Reducing Muscle Fatigue with Citrus

Reducing Muscle Fatigue with Citrus
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Daily citrus fruit consumption during athletic training may reduce muscle fatigue, as evidenced by lower blood lactate concentrations.

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Below is an approximation of this video’s audio content. To see any graphs, charts, graphics, images, and quotes to which Dr. Greger may be referring, watch the above video.

The same lactic acid that makes yogurt tangy is the same lactic acid that builds up in our muscles when we exercise strenuously. Instead of bacteria fermenting the sugar in milk to make energy for themselves, our muscles ferment sugar in our diet to produce energy to contract. If (like when we’re sprinting) lactic acid builds up in our muscles faster than it can be removed, we can end up with a burning sensation in our muscles, forcing us to stop.

Now, if we train, we can increase the number of blood vessels in our muscles, and clear out the lactate faster. For example, if you take some overweight sedentary women and start them on an aerobic training program of running and walking, at the end of three months, their lactate levels during exercise decreased 17%. But, those on the same program who drank two cups of orange juice a daydecreased their levels 27%. They did the same exercise program, but the citrus group experienced “a significant decrease in blood lactate concentration”—signifying “an improvement in physical performance, with less muscle fatigue.”

I don’t recommend drinking juice, because you’re losing all that wonderful fiber that slows the rate of fruit sugar absorption into our system. Here’s the blood sugar spike one might see after drinking Coca-Cola. Compare that to the spike you see with orange juice; no difference. But, now, what if you ate the same quantity of sugar in the form of orange slices? Significantly lower.

So, the whole fruit is nearly always better than fruit juice. Now, this is not to say OJ isn’t better than Coke. OJ has those citrus phytonutrients, like hesperidin, which may be why the women’s triglycerides didn’t go up, even though they were drinking two cups of fruit juice every day. Hesperidin may actually help lower our digestion of fats, but once you get up to three cups a day of juice, you really can start bumping up your triglycerides.

Please consider volunteering to help out on the site.

Images thanks to pasukaru76 via flickr and Benjah-bmm27 via Wikimedia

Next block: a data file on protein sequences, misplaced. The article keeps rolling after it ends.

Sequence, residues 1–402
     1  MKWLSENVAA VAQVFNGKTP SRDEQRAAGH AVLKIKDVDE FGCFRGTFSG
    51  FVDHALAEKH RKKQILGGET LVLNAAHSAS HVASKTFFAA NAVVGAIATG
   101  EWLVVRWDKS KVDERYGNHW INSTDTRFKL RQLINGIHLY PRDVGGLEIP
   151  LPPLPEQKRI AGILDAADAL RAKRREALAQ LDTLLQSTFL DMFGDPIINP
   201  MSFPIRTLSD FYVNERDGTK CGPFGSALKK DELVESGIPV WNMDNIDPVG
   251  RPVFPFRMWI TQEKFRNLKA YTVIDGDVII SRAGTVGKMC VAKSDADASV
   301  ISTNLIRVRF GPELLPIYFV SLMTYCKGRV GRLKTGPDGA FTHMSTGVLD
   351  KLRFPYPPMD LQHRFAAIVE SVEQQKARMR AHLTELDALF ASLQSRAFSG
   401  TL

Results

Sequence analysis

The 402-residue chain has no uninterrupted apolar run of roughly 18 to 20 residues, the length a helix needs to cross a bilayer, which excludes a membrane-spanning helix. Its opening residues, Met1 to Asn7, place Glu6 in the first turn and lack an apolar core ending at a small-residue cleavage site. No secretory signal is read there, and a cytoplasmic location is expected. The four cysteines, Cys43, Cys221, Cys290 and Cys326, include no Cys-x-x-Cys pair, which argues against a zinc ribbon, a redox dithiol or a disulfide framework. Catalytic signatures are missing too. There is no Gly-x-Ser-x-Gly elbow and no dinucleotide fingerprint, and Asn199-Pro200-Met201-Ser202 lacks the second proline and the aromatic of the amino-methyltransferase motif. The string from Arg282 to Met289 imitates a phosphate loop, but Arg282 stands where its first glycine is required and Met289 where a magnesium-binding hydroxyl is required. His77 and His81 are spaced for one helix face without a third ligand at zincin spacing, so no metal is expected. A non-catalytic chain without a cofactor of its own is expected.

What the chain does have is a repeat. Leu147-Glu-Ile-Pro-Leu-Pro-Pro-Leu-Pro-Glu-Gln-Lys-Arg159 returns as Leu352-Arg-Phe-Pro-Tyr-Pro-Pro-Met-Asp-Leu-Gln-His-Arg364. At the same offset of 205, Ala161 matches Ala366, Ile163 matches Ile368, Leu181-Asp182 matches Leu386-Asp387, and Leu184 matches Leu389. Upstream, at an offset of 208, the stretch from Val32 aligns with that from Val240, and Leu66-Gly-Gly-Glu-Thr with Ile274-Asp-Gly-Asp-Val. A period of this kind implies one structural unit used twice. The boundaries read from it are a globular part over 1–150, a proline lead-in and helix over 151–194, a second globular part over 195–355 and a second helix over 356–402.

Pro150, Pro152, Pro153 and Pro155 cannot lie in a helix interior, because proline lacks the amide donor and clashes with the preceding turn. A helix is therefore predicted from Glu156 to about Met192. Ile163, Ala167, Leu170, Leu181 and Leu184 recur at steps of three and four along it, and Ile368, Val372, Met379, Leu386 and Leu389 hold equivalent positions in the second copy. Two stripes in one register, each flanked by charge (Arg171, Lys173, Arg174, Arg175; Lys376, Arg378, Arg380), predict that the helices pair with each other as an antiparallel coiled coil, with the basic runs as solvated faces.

Below is an approximation of this video’s audio content. To see any graphs, charts, graphics, images, and quotes to which Dr. Greger may be referring, watch the above video.

The same lactic acid that makes yogurt tangy is the same lactic acid that builds up in our muscles when we exercise strenuously. Instead of bacteria fermenting the sugar in milk to make energy for themselves, our muscles ferment sugar in our diet to produce energy to contract. If (like when we’re sprinting) lactic acid builds up in our muscles faster than it can be removed, we can end up with a burning sensation in our muscles, forcing us to stop.

Now, if we train, we can increase the number of blood vessels in our muscles, and clear out the lactate faster. For example, if you take some overweight sedentary women and start them on an aerobic training program of running and walking, at the end of three months, their lactate levels during exercise decreased 17%. But, those on the same program who drank two cups of orange juice a daydecreased their levels 27%. They did the same exercise program, but the citrus group experienced “a significant decrease in blood lactate concentration”—signifying “an improvement in physical performance, with less muscle fatigue.”

I don’t recommend drinking juice, because you’re losing all that wonderful fiber that slows the rate of fruit sugar absorption into our system. Here’s the blood sugar spike one might see after drinking Coca-Cola. Compare that to the spike you see with orange juice; no difference. But, now, what if you ate the same quantity of sugar in the form of orange slices? Significantly lower.

So, the whole fruit is nearly always better than fruit juice. Now, this is not to say OJ isn’t better than Coke. OJ has those citrus phytonutrients, like hesperidin, which may be why the women’s triglycerides didn’t go up, even though they were drinking two cups of fruit juice every day. Hesperidin may actually help lower our digestion of fats, but once you get up to three cups a day of juice, you really can start bumping up your triglycerides.

Please consider volunteering to help out on the site.

Images thanks to pasukaru76 via flickr and Benjah-bmm27 via Wikimedia

Doctor's Note

The burning sensation during strenuous exercise may be related to the buildup of lactic acid in our muscles. But, that’s different than the delayed onset muscle soreness that occurs in the days following a bout of extreme physical activity. That’s thought to be due to inflammation caused by muscle cell damage—little micro-tears in our muscles. If it’s an inflammatory reaction, than might anti-inflammatory phytonutrients help? Find out in Reducing Muscle Soreness with Berries.

For more on what citrus phytonutrients can do, see Keeping your Hands Warm with Citrus.

For additional context, check out my associated blog posts: How Citrus Might Help Keep your Hands Warm, Citrus to Reduce Muscle Fatigue, and Berries to Prevent Muscle Soreness.

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